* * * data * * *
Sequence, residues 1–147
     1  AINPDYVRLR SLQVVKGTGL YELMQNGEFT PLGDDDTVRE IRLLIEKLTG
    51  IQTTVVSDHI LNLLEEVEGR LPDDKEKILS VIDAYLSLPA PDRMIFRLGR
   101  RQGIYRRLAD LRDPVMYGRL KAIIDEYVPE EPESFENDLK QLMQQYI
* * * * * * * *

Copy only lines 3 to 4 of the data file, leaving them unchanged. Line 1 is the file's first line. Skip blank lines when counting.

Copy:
    51  IQTTVVSDHI LNLLEEVEGR LPDDKEKILS VIDAYLSLPA PDRMIFRLGR
   101  RQGIYRRLAD LRDPVMYGRL KAIIDEYVPE EPESFENDLK QLMQQYI